I was on the 2 Express uptown on my way home after work. It was about 6:30 pm. We straphangers who were standing were packed in like sardines. As the train pulled into the 79th Street station, there was a sound, a whooshing of air, a release. It felt as though the power had been cut. We came to a stop inside the station… and then we were stuck there. The lights and air conditioning snapped off. The conductor came on the intercom and told us that someone had activated the emergency brakes and that we would be stalled there while it was investigated. A collective groan went up. I looked around, wondering where the emergency brakes are kept in each car, whether it involved a lever and why someone might have pulled said lever. We waited awhile, grumbling, sighing. It was getting hot. Someone opened the door at the end of the cabin to let air in.
“I’m so hungry.” A woman said. “I want to get home and eat.”
“I told you.” A mother said to her young son. “You should have listened to me when I told you to sit.”
That’s when we started to see the police and emergency workers, tons of them, pouring into the station, big men in uniforms and helmets. They walked the length of the platform, shining flashlights under the train.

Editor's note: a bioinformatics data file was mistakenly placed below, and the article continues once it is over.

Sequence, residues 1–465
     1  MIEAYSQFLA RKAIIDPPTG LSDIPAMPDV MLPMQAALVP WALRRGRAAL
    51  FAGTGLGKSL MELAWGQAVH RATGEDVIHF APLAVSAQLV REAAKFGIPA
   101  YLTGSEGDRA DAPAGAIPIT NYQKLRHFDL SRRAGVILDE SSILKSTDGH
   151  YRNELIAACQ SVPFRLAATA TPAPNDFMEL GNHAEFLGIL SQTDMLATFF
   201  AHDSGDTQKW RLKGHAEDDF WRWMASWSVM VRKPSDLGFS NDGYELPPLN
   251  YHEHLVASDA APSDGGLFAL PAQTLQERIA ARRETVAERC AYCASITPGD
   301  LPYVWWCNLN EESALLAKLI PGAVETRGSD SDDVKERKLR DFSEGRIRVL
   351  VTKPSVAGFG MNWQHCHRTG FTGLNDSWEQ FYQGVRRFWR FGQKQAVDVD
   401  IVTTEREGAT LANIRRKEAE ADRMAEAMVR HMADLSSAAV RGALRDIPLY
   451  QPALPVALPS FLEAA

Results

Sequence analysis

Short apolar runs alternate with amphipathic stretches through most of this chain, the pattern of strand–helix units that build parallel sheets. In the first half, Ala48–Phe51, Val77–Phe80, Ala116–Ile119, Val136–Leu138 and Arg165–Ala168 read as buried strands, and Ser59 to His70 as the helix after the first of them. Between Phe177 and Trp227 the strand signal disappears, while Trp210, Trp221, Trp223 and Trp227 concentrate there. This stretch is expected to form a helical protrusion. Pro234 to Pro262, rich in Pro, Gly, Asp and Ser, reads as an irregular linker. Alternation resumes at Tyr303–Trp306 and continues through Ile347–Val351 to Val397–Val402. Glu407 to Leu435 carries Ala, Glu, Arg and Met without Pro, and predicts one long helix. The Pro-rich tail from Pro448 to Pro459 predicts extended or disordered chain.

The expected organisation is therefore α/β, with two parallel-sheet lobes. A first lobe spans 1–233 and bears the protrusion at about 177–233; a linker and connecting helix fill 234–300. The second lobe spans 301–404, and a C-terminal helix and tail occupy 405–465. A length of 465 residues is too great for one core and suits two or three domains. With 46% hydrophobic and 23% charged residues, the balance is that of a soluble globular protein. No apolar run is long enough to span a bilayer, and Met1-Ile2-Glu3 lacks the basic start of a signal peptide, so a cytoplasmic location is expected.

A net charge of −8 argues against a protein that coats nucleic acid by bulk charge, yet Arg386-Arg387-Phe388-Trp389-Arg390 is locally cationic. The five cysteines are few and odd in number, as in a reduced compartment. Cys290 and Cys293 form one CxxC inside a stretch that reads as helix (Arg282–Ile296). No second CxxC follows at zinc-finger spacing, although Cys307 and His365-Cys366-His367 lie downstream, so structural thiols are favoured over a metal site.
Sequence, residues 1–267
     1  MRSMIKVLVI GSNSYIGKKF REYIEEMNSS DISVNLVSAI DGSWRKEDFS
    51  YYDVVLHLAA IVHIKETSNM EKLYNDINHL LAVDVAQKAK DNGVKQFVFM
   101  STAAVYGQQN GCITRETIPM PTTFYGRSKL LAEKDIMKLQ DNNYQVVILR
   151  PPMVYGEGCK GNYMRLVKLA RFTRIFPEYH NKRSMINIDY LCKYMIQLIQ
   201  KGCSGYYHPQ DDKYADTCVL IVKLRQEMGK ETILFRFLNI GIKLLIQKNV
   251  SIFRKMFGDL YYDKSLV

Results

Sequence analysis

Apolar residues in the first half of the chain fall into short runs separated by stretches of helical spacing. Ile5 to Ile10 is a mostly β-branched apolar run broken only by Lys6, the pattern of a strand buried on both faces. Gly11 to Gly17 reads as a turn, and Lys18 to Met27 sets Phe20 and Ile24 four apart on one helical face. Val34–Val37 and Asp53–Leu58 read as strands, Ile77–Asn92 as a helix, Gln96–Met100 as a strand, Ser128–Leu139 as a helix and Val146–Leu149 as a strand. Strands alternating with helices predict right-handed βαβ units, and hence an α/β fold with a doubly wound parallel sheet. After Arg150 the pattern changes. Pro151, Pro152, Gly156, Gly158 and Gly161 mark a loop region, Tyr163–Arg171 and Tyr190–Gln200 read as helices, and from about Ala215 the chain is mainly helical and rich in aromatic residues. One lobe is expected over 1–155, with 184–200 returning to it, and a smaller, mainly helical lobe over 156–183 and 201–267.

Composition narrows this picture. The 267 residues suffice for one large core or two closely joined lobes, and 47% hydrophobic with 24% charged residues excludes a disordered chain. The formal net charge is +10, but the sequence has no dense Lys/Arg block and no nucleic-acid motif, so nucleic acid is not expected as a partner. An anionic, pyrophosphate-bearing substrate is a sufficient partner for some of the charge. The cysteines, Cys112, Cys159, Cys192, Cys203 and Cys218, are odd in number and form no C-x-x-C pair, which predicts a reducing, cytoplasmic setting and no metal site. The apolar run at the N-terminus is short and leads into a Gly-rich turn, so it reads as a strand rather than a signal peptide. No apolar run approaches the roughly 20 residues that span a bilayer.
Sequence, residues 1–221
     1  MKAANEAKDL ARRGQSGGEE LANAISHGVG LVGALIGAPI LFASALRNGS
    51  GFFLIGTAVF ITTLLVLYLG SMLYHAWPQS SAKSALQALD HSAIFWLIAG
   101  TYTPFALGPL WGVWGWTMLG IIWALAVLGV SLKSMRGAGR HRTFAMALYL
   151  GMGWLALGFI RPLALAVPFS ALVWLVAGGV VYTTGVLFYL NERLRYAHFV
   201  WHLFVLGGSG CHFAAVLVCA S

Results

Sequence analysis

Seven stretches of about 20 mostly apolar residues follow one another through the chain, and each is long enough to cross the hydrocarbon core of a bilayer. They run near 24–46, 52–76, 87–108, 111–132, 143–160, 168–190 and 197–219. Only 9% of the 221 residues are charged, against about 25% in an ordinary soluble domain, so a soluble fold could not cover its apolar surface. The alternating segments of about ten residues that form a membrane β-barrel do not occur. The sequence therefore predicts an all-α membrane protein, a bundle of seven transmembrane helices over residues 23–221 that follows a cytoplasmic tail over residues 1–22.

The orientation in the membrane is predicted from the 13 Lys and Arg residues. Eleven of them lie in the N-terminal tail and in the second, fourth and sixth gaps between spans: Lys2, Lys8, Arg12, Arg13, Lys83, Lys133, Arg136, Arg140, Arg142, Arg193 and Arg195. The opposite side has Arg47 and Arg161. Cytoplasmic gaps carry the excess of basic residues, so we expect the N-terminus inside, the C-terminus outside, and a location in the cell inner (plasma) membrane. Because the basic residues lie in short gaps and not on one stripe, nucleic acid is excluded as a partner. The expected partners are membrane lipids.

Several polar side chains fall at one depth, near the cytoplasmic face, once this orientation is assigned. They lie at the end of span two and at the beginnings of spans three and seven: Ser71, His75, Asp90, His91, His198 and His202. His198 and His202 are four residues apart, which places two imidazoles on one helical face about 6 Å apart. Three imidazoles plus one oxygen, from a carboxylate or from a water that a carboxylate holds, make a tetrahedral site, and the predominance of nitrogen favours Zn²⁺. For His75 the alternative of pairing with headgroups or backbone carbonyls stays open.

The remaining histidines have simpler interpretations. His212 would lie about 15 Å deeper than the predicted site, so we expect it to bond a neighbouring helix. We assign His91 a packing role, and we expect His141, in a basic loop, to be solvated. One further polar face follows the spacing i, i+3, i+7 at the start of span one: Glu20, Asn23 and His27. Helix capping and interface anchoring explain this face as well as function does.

It occurred to me then that we might have hit someone. But I quickly decided that this was unlikely because we were on one of the two center tracks, far away from the platform, and because, just last week, I had been on another train out on Long Island that had been stalled for a least an hour after an earlier train hit a commuter (I was told later by a taxi driver that I had just missed seeing the body on the tracks). What were the odds of me being at the scene of two commuter train accidents in the space of a week? Not good. I flexed my toes and shifted in my spot. My feet were aching in my heels. I was hot in my suit and down jacket so I took off the jacket. I thought about taking off my shoes but decided against it. I had some almonds in my bag and thought about eating some but decided against this also. No one else was eating and I didn’t want to be the only one. I wondered if there was a bomb scare. I wondered if we were in the midst of a terrorist attack. I remembered newspaper reports from years ago of Sarin gas being set loose on a Tokyo subway.